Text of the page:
Homesteading is typically associated with fair-weather activities like farming, gardening and preserving the harvest. But after the last jars have been pulled from the canner and the first frost sets in, what's a homesteader to do? Read on for a list of 13 winter homesteading activities to keep you busy all year long.

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The best options for homemade candles are beeswax or soy. You can make them scented or unscented. Using essential oils is usually your best option as the fragrances are natural, but you can use fragrance oils as well. I have used both and enjoy each for different reasons, but the choice is yours.

–> Click here to learn how to make your own scented soy wax candles with essential oils.

 

6. Making Soap & DIY Body Products

Just like candles, you can whip up your own homemade soap and body products at home in your kitchen (mostly). Of course if you are making soap with lye you will want to go outside due to its caustic nature. But otherwise everything can safely and easily be made in your kitchen.

Homesteading is typically associated with fair-weather activities like farming, gardening and preserving the harvest. But after the last jars have been pulled from the canner and the first frost sets in, what's a homesteader to do? Read on for a list of 13 winter homesteading activities to keep you busy all year long.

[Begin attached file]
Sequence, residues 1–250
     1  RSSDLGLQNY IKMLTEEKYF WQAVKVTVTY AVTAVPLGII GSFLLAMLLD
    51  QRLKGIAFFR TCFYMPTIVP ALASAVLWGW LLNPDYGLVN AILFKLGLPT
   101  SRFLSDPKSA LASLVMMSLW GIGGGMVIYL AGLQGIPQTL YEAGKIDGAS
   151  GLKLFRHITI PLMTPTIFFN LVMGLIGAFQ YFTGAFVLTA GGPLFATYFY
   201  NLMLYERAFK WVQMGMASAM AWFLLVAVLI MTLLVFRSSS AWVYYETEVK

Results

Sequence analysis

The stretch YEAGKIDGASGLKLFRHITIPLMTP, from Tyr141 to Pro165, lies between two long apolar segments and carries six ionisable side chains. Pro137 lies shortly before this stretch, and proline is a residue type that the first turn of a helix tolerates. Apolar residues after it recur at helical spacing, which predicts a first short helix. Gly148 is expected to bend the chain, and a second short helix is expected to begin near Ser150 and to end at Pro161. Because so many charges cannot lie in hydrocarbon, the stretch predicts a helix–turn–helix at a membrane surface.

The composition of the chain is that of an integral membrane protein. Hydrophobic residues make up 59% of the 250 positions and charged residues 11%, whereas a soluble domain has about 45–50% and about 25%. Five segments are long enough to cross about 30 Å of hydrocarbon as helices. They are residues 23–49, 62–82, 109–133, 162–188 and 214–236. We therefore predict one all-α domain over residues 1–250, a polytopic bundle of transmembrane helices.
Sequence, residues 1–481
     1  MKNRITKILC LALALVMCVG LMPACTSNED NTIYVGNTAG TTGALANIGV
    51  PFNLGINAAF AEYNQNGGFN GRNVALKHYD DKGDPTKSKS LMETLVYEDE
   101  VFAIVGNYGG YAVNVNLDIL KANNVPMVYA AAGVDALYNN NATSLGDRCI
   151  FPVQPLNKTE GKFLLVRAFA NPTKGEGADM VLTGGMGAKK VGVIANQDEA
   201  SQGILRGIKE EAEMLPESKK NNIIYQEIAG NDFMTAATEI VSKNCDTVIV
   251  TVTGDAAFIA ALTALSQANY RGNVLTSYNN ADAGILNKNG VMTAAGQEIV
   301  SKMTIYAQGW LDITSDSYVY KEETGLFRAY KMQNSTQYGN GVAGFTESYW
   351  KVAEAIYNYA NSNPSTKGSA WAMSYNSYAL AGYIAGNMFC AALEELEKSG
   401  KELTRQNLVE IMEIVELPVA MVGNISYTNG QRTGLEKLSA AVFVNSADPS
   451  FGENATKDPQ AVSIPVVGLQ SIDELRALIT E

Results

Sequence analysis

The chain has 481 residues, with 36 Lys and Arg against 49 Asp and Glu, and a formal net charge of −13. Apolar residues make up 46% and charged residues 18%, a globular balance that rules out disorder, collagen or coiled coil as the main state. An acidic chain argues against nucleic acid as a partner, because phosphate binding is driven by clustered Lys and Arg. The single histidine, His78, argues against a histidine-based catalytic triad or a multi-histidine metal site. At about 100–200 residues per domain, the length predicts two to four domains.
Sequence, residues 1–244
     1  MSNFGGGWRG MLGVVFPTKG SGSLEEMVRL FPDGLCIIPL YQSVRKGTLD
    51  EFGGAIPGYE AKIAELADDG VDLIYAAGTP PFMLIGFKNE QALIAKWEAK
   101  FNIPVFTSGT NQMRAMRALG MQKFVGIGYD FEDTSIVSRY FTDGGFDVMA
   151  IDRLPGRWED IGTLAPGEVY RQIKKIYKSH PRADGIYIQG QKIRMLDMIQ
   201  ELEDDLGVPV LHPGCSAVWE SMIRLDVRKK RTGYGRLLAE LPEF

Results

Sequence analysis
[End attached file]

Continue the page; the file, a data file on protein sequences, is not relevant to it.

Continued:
Choose from cold-process or melt & pour soaps, DIY body butters, healing salves, lotion bars, salt and sugar scrubs, bath salts, perfumes, hair products, milk and herbal baths, bath bombs, lip scrubs, chapstick… the list goes on and on. In fact, anything you can buy at the store you can pretty well make at home, including most makeup. 

The basic ingredients for some of these projects can cost a little bit of money up front, but will almost always save you money in the long run while using safer, healthier, more natural ingredients. You can even make some things with a few simple ingredients you probably already have in your home pantry, like white sugar and olive oil. Just mix these two ingredients together and add a few drops of essential oil to make a beautiful homemade sugar scrub!

 

7. Making Homemade Cleaning Products

Winter is a great time to restock your cleaning supplies by making your own safe and natural homemade products. Just like bath and body products, the list of DIY cleaning products you can make at home is seemingly endless!